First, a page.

State Bar of South Dakota
Ethics Opinion 2003-3
Rules: 1.7, 1.16. 3.1
Subject: Conflicts of Interest in Criminal Appeal
Summary: Court appointed trial counsel may continue to represent clients on appeal when ineffective assistance of counsel is asserted as an issue on appeal.
A is employed as a public defender. Among A's duties and responsibilities is the court appointed representation of the criminally accused. Upon conviction, it is not uncommon for clients to request an appeal from the judgment of conviction. An issue which clients normally want raised on appeal is ineffective assistance of counsel. A asks whether it is a conflict of interest under Rule 1.7 for trial counsel to serve as appellate counsel when the client directs counsel to raise this issue on appeal.
Rule 1.7(b) provides:
(b) Notwithstanding the existence of a concurrent conflict of interest under paragraph (a), a lawyer may represent a client if:
(1) the lawyer reasonably believes that the lawyer will be able to provide competent and diligent representation to each affected client;
(2) the representation is not prohibited by law;
(4) each affected client gives informed consent, confirmed in writing.
Rule 1.16 provides in pertinent part:
(b) Except as stated in paragraph (c), a lawyer may withdraw from representing a client if withdrawal can be accomplished without material adverse effect on the interests of the client, or if:
(3) a client insists upon pursuing an objective that the lawyer considers repugnant or imprudent;
(6) other good cause for withdrawal exists.
(c) When ordered to do so by a tribunal, a lawyer shall continue representation notwithstanding good cause for terminating the representation.
A similar fact pattern and issue were discussed in Ethics Opinion 96-3. We believe that the resolution of the facts which you have presented to us is consistent with that opinion and the revised Rules of Professional Responsibility.
Rule 1.7(b) does not prohibit the representation if subparagraphs 1, 2 and 4 can be satisfied. Should A be able to satisfy the requirements of Rule 1.7, withdrawing from representation may still be appropriate under Rule 1.16(b)(3), (6) or (c). Withdrawal is permissive rather than mandatory under this rule. This Rule should be read in conjunction with Rule 3.1 which provides:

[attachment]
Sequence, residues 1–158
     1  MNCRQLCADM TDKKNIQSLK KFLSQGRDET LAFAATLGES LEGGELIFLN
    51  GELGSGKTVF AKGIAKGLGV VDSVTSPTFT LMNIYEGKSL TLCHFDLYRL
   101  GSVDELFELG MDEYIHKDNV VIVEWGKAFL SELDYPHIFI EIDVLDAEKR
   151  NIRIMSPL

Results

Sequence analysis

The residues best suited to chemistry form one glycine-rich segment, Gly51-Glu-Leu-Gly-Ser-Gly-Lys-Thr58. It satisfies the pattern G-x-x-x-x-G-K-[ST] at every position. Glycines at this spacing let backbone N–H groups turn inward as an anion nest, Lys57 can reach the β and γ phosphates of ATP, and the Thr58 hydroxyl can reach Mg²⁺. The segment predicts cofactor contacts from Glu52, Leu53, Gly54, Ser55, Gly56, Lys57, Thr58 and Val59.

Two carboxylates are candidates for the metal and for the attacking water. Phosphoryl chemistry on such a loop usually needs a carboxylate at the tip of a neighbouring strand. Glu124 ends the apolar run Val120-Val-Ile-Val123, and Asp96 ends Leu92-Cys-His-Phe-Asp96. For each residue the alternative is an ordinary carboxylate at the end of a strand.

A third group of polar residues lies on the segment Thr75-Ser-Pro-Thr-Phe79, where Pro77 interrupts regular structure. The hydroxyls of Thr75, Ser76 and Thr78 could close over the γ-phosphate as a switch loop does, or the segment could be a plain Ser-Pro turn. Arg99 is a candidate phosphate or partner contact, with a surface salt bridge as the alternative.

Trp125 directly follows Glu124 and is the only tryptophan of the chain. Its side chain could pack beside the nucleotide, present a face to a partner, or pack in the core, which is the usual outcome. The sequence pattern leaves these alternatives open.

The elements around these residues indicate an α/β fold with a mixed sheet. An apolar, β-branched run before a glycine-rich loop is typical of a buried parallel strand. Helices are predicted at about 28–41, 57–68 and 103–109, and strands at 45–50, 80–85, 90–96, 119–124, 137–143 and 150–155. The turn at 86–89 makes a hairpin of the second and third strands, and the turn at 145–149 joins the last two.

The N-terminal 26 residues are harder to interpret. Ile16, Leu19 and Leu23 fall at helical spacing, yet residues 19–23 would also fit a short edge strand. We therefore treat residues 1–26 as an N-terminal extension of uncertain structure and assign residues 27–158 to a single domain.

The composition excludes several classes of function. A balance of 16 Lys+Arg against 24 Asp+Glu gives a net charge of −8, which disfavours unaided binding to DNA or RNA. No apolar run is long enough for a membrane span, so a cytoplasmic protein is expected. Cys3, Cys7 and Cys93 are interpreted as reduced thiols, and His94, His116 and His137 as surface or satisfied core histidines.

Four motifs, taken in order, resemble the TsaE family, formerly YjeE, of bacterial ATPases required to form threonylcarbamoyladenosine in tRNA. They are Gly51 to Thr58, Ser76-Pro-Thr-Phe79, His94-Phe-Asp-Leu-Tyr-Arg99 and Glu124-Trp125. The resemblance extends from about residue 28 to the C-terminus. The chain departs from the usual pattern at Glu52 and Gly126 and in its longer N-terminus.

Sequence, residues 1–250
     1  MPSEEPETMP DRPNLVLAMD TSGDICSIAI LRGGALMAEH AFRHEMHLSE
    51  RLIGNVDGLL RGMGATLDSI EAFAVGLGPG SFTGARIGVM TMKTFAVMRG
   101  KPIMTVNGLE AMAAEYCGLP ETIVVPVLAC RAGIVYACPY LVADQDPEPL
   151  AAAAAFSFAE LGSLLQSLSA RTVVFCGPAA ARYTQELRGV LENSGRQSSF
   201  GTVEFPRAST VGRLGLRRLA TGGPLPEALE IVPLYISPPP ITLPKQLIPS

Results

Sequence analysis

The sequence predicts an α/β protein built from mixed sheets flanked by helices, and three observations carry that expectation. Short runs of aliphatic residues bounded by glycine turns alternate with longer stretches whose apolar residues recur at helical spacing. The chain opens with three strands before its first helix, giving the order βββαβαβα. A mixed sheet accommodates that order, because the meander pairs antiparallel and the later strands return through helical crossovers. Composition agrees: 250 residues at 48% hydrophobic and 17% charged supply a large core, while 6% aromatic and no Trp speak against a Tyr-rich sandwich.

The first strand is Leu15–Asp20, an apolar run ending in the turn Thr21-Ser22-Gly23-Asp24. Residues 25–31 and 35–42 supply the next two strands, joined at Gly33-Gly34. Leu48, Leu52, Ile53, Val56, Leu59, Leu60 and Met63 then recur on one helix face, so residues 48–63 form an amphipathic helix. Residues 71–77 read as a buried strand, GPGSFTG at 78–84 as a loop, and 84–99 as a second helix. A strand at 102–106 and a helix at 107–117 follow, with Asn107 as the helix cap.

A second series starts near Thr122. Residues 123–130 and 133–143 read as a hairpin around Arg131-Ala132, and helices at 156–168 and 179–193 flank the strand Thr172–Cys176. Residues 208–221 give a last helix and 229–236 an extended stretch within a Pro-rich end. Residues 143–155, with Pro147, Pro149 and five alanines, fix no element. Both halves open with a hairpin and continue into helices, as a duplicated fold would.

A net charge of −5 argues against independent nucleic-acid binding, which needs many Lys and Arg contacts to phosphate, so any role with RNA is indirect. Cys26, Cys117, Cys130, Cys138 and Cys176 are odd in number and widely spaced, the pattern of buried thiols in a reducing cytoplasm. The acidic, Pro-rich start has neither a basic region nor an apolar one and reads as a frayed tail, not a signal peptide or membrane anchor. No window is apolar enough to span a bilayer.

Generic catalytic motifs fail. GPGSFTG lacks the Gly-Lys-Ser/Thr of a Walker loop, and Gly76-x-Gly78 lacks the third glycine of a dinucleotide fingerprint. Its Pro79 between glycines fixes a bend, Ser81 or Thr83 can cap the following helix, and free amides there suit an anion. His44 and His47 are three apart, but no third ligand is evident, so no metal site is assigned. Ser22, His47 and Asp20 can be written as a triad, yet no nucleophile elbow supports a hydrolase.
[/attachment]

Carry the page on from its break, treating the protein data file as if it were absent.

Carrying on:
A lawyer shall not bring or defend a proceeding, or assert or controvert an issue therein, unless there is a basis in law and fact for doing so that is not frivolous, which includes a good faith argument for an extension, modification or reversal of existing law. A lawyer for a defendant in a criminal proceeding, or the respondent in a proceeding that could result in incarceration, may nevertheless so defend the proceeding as to require that every element of the case be established.
You have questioned whether the cases of State v. Korth, 650 NW2d 528 (SD 2002) and State v. Cochran, 434 NW2d 370 (SD 1989), prohibit representation under the facts you have described. While the inquiry is relative to resolving the requirement of Rule 1.7(b)(2), this Committee is prohibited by its guidelines from opining on issues of substantive law, therefore, we can not provide you with any assistance in addressing the impact of Korth and Cochrun on this issue.
The Rules do not prohibit A from representing client. However, the circumstances under which A may continue representing client create an understandable concern. Therefore, Rule 16 provides the means by which A may withdraw, subject to court approval.
Brad A. Schreiber
Chair, Ethics Committee
State Bar of South Dakota